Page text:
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Sunday, October 30, 2016

Trends in High School Dropout and Completion Rates

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Trends in High School Dropout and Completion Rates

Trends in High School Dropout and Completion Rates coverHigh school status completion rates increased from 83.7 percent in 1973 to 92.0 percent in 2013 among 18- to 24-year-olds, according to a new report. In the same time period, the gap in completion rates between White youth and Black and Hispanic youth narrowed, although the gaps remain.
The National Center for Education Statistics released Trends in High School Dropout and Completion Rates in the United States: 2013 today (October 25), which draws on a wide array of surveys and administrative datasets to present statistics on high school dropout and completion rates at the state and national levels.
Other key findings from this year's report are:
  • Between October 2012 and October 2013, approximately 508,000 youth (ages 15- to 24) left school without obtaining a high school credential. These "event dropouts" accounted for 4.7 percent of the 10.9 million 15- to 24-year-olds enrolled in grades 10 through 12;
  • The status dropout rate—the percentage of 16- to 24-year-olds who are not enrolled in school and have not earned a high school credential—varied by racial/ethnic group. As measured by the American Community Survey, the 2013 status dropout rate was lower for youth who were Asian (2.5 percent), White (4.7 percent), Pacific Islander (5.0 percent), and of Two or more races (5.2 percent) than it was for those who were Black (9.0 percent), Hispanic (11.8 percent), and American Indian/Alaska Native (12.8 percent); and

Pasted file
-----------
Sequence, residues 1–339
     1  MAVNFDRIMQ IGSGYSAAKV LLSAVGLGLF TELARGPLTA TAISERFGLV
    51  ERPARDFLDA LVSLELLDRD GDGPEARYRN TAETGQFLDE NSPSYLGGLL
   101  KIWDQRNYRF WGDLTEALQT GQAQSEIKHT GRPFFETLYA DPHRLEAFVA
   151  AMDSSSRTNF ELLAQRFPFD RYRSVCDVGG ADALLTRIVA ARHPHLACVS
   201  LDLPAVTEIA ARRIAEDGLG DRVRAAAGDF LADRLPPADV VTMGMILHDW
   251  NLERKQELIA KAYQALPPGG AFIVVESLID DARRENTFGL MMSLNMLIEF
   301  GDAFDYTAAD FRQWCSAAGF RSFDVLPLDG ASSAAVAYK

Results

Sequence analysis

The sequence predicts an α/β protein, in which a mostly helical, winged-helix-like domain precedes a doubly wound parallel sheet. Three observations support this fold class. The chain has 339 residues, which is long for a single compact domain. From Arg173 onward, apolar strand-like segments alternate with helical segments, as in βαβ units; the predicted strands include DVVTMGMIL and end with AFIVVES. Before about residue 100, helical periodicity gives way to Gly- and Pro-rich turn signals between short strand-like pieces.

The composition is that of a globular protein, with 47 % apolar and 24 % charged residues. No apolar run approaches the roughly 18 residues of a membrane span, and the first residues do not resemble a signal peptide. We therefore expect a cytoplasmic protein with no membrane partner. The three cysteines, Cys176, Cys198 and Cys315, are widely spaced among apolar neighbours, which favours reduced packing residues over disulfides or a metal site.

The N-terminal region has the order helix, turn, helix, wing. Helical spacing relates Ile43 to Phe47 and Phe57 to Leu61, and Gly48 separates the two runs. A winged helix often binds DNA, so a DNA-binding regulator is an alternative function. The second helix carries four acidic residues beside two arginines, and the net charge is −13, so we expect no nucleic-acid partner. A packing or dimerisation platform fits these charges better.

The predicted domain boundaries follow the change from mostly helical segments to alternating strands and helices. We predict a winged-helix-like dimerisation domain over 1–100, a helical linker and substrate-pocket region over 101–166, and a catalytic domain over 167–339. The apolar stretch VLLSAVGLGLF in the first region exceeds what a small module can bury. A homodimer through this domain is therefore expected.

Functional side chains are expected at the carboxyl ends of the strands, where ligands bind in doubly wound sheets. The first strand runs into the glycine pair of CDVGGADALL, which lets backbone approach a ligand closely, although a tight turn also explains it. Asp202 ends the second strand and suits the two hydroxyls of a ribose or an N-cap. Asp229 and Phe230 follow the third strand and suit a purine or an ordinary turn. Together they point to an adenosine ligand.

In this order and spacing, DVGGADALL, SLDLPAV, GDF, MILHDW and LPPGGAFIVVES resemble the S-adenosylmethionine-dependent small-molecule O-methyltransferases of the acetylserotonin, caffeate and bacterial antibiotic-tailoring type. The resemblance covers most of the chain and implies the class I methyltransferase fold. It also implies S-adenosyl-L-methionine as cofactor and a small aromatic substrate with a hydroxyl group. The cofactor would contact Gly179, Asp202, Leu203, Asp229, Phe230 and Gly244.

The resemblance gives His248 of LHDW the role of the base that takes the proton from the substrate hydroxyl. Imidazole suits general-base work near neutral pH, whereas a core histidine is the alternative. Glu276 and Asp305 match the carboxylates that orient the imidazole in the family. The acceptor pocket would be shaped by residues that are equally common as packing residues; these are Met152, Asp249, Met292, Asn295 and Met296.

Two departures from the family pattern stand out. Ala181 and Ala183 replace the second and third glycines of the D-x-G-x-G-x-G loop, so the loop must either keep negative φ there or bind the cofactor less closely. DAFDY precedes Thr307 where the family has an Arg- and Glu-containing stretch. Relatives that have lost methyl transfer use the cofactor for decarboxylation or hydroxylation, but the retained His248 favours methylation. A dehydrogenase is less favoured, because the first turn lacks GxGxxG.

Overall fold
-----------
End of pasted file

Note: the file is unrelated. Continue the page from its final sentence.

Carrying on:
• The gap in high school status completion rates between White and Black youth narrowed from 15.4 percentage points in 1973 to 6.5 percentage points in 1990, showed no measurable change from 1990 to 2000, and fell again from 8.1 percentage points in 2000 to 2.8 percentage points in 2013. The White-Hispanic gap in status completion rates showed no clear trend between 1973 and 2000, but fell from 27.7 percentage points in 2000 to 9.3 percentage points in 2013.
To browse this report's findings online, please visit http://nces.ed.gov/programs/dropout/
To download the full report as a PDF file, please visit: http://nces.ed.gov/pubsearch/pubsinfo.asp?pubid=2016117
The Institute of Education Sciences, a part of the U.S. Department of Education, is the nation's leading source for rigorous, independent education research, evaluation and statistics.



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